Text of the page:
Love After 78 Years of Marriage (1/3)

He raced other suitors to win her hand. She threw his belongings in the river. Eleven children, 38 grandchildren and almost 80 years later, Arthur and Alice John are making it work.

Love After 78 Years of MarriagePhotos: Ian Stewart

Arthur John sits by the living room window, clutching a cup of tea in his stiff, cracked hands. At 102, he can’t see much anymore, has trouble hearing and sometimes gets mixed up, mistaking the teacup for something else—a lynx trap, perhaps, or a piece of bone used to scrape fat from moosehide.

He fiddles with the cup, tipping it dangerously to one side. His wife, Alice, younger by six years, raises a gnarled hand in silent protest. She’s used to these antics. She doesn’t bother shuffling across the floor to rescue the cup. Instead, she continues to brew tea for her husband, even though it sometimes ends up on the floor.

The Johns have been married for 78 years, making them, by all accounts, one of Canada’s longest-wedded couples. It’s a feat that requires tolerance for spilled tea—and a great deal more.

Their love story began in 1932 on a raft bobbing down the Pelly River in the Yukon. Out trapping in the woods, 21-year-old Arthur lashed rough-hewn pine logs together with rope. Once the raft was done, he pointed it toward the tiny Kaska First Nation settlement of Ross River, more than three days downstream. When it grew dark, he paddled. When thunder and lightning rolled across the sky, he paddled. Even when exhaustion took hold, Arthur kept paddling because he knew there were others—all hightailing it toward the same spot.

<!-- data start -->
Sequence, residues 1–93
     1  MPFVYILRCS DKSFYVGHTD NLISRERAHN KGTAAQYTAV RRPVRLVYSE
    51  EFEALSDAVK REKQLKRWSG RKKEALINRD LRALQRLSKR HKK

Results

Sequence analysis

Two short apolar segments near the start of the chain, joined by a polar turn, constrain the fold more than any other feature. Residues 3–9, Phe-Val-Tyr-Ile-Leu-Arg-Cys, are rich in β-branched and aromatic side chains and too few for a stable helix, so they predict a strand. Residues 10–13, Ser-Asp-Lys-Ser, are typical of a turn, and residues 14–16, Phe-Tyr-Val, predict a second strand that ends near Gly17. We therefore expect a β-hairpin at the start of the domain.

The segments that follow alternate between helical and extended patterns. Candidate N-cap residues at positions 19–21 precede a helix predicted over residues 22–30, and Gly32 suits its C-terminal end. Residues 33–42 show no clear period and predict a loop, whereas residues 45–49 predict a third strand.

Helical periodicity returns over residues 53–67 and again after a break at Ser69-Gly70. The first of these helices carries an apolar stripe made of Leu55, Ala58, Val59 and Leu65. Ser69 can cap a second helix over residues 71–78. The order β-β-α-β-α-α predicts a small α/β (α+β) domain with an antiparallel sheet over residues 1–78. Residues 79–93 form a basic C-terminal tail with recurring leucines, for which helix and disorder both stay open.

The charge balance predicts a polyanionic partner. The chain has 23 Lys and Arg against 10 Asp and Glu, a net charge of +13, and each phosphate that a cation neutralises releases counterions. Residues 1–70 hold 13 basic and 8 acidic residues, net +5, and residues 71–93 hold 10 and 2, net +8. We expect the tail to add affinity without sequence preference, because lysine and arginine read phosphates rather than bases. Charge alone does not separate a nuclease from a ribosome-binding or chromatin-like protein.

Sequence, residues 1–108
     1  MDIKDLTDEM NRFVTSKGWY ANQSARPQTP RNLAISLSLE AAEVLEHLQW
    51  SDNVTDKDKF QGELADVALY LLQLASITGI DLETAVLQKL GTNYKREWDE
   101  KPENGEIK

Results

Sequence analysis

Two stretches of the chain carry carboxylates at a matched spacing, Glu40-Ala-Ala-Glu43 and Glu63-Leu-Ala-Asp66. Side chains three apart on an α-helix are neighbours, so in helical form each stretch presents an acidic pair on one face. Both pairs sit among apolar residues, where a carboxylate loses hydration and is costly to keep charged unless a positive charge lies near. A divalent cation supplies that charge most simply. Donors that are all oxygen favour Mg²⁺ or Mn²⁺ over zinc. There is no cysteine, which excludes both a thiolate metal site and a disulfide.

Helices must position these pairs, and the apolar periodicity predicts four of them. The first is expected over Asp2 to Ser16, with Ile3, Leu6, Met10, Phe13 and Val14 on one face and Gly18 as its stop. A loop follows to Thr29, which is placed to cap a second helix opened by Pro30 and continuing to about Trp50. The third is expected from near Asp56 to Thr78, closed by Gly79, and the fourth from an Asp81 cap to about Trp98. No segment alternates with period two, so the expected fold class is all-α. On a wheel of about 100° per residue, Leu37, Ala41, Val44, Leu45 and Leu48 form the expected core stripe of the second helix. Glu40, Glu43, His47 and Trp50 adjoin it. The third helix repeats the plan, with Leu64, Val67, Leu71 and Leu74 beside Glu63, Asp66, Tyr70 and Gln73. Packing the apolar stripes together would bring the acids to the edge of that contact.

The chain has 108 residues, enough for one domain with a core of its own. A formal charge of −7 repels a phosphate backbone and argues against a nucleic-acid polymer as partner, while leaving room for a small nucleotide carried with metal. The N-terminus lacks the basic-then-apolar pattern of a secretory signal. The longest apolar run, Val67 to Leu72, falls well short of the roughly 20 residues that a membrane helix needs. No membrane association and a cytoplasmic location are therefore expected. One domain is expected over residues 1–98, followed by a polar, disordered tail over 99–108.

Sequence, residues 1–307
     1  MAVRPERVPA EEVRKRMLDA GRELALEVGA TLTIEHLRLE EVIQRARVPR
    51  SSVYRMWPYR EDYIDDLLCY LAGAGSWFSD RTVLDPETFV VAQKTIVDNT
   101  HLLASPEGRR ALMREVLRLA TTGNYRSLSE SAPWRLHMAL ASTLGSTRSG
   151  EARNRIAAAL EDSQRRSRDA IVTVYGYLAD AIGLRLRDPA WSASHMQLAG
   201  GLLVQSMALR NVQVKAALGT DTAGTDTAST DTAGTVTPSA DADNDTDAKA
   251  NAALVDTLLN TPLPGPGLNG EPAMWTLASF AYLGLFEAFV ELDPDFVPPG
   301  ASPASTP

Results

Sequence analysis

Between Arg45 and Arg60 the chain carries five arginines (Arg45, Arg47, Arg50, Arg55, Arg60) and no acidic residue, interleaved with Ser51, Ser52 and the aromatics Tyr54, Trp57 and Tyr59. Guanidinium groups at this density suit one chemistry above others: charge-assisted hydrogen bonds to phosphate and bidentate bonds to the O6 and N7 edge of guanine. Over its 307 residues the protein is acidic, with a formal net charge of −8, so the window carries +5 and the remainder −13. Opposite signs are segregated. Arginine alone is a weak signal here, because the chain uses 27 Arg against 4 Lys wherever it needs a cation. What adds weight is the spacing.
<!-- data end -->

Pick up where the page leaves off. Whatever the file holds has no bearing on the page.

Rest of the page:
A rival suitor was running overland from Dawson City, more than 400 kilometres away; another had left his village of Pelly Crossing to head madly up the river. All three were making a beeline for Alice, a dark-haired beauty with plenty of beaux. She’d turned 15 and was now old enough to marry.

Alice knew they were coming. She’d met them before, during feasts with families from far-flung villages, and she’d seen them out on the trap­line in winter when their dog teams passed, heavy with furs. Arthur was most familiar to her. A local boy, he was already a family favourite. So when he arrived first, tired, hungry and happy, he immediately got the nod from Alice’s father. Arthur had won himself a wife.

Following Kaska First Nation tradition, the young couple had to build a tiny cabin in the woods to learn how to coexist. Before moving in, Alice was spotted on the shore of a nearby river, chucking Arthur’s possessions into the fast-moving current. She didn’t know that around the bend, her brothers were quietly fishing them out. The family liked him, and they were sure Alice would learn to, as well.

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